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Epidemic of OD’s from Prescription Pain Killers

A new analysis of drug poisoning deaths provides insights into the national epidemic that began in the 1990s. The CDC study finds that increasing use of opoids, frequently prescribed for pain relief, appear to be associated with the dramatic increase in overdose deaths.

The research, to be published this week in the journal Pharmacoepidemiology and Drug Safety, explains that the contribution of prescription pain killers to the overdose epidemic has only recently been clarified. Opiods can be easily abused and now surpass cocaine or heroin as the source of overdose deaths.

Drugs called “opioids” are frequently prescribed to relieve pain, but if abused they can kill. Over the past 15 years, sales of opioid pain killers, including oxycodone, hydrocodone, methadone and fentanyl, have increased, and deaths from these drugs have increased in parallel.

In 2002, over 16,000 people died in the USA as a result of drug overdoses, with most deaths related to opioids, heroin, and cocaine. Opioids surpassed both cocaine and heroin in extent of involvement in these drug overdoses between 1999 and 2002.

The situation appears to be accelerating. Between 1979 and 1990 the rate of deaths attributed to unintentional drug poisoning increased by an average of 5.3% each year. Between 1990 and 2002, the rate increased by 18.1% per year.

The contribution played by opioids is also increasing. Between 1999 and 2002 the number of overdose death certificates that mention poisoning by opioid pain killers went up by 91.2%. While the pain killer category showed the greatest increase, death certificates pointing a finger of blame at heroin and cocaine also increased by 12.4% and 22.8% respectively.

In an accompanying ‘comment’ article, David Joranson and Aaron Gilson of the University of Wisconsin School of Medicine and Public Health Comprehensive Cancer Centre; Pain & Policy Studies Group, of Madison, Wisconsin. They caution against increasing unwarranted fears of using opioid analgesics in pain management, noting that much of the abuse of opioid analgesics is by recreational and street users and individuals with psychiatric conditions rather than pain patients.

Joranson and Gilson also point to the large quantity of opioid analgesics stolen from pharmacies every year, saying that “overdose deaths involving prescription medications do not necessarily mean they were prescribed. It is also crucial to know that most overdose deaths involve several drugs and these data cannot attribute the cause to a particular drug.”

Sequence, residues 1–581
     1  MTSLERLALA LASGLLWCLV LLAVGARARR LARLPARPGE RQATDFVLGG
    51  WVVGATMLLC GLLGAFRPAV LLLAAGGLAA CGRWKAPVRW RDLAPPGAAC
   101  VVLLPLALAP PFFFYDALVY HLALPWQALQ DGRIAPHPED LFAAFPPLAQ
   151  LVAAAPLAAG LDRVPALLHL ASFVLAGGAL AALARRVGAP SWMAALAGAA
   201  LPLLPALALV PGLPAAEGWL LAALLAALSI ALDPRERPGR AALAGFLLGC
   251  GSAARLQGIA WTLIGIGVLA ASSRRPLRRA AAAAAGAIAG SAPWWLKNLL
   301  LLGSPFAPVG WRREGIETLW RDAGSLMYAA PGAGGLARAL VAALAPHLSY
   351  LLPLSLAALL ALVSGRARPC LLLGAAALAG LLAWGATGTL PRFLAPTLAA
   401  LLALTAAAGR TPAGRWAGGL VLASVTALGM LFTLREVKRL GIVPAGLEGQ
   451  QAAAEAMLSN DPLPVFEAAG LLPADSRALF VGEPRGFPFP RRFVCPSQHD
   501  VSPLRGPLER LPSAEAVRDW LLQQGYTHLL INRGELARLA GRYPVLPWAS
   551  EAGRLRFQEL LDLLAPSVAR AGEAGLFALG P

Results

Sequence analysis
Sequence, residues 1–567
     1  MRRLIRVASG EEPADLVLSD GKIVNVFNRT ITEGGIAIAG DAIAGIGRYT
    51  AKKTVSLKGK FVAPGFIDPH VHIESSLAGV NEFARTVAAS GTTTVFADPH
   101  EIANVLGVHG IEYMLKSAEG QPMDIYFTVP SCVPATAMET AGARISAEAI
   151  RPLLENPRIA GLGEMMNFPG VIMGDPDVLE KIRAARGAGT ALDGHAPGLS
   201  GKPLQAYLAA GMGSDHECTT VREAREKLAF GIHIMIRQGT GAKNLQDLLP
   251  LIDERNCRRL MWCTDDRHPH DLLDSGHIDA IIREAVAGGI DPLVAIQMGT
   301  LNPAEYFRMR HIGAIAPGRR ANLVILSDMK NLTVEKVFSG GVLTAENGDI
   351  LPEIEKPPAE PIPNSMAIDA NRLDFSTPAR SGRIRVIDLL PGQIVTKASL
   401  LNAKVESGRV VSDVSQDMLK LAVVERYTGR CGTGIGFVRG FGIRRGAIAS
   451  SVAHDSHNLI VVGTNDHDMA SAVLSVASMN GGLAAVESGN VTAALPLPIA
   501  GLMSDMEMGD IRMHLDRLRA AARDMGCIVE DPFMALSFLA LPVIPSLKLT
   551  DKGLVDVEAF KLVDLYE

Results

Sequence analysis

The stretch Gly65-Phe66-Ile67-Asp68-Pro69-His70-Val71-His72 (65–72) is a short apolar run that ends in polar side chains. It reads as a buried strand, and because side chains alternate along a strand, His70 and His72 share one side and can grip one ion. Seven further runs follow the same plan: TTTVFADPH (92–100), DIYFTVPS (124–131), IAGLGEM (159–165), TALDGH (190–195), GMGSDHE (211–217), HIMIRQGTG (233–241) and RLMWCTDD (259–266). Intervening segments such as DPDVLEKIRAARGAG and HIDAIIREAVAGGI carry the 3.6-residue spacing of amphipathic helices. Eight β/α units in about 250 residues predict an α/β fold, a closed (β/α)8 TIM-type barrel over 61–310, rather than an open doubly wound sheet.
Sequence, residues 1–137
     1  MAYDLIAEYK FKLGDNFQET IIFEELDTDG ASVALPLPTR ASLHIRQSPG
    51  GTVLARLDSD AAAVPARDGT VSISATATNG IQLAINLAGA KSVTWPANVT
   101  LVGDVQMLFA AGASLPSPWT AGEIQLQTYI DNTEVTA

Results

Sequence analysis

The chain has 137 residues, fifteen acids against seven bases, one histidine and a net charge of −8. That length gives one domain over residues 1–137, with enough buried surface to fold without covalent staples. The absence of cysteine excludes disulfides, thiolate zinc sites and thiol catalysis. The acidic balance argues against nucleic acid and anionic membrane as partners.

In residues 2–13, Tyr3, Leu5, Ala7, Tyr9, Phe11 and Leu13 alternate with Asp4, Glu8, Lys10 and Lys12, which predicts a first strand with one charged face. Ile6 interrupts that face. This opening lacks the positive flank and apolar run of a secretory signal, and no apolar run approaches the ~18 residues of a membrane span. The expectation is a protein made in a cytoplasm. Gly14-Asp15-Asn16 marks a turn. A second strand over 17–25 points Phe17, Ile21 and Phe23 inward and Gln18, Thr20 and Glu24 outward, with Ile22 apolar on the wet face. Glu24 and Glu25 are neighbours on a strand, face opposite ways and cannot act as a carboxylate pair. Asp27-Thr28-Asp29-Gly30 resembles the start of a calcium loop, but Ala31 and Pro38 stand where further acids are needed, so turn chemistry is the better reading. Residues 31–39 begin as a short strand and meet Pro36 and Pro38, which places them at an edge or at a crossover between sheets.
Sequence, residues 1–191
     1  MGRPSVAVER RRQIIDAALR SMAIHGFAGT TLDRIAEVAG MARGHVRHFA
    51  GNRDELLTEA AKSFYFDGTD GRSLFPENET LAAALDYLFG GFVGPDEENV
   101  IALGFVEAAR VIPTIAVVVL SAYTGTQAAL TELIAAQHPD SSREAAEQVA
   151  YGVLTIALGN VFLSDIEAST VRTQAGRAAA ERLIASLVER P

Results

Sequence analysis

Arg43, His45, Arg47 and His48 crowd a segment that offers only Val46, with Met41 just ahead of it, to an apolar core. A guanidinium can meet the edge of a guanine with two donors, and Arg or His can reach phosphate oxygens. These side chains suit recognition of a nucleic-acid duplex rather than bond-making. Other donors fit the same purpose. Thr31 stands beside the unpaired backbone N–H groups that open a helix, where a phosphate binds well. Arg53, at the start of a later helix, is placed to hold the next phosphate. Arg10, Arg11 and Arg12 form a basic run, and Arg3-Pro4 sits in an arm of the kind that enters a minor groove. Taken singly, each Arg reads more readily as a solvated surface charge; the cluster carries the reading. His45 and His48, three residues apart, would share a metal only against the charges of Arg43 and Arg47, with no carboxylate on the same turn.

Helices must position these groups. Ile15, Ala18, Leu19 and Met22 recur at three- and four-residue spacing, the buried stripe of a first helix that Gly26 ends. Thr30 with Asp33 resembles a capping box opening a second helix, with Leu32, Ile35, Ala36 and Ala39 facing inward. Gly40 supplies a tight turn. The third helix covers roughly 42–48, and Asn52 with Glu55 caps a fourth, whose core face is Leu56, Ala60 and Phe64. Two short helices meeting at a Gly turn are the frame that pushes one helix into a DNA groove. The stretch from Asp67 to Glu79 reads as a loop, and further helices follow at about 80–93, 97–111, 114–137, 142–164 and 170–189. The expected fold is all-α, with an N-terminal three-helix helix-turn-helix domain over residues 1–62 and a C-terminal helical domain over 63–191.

In a second commentary, Scott Fishman, Professor of Anaesthesiology and Pain Medicine at University of California, Davis concludes that drug abuse and under treated pain are both public health crises, but the solution to one need not undermine the other. “The least we can do is make sure that the casualties of the war on drugs are not suffering patients who legitimately deserve relief,” he says.

Source: John Wiley & Sons, Inc.

Epidemic of OD’s from Prescription Pain Killers

Rick Nauert PhD

Rick Nauert, PhDDr. Rick Nauert has over 25 years experience in clinical, administrative and academic healthcare. He is currently an associate professor for Rocky Mountain University of Health Professionals doctoral program in health promotion and wellness. Dr. Nauert began his career as a clinical physical therapist and served as a regional manager for a publicly traded multidisciplinary rehabilitation agency for 12 years. He has masters degrees in health-fitness management and healthcare administration and a doctoral degree from The University of Texas at Austin focused on health care informatics, health administration, health education and health policy. His research efforts included the area of telehealth with a specialty in disease management.

APA Reference
Nauert PhD, R. (2015). Epidemic of OD’s from Prescription Pain Killers. Psych Central. Retrieved on May 22, 2018, from https://psychcentral.com/news/2006/07/24/epidemic-of-ods-from-prescription-pain-killers/119.html

 

Scientifically Reviewed
Last updated: 6 Oct 2015
Last reviewed: By John M. Grohol, Psy.D. on 6 Oct 2015
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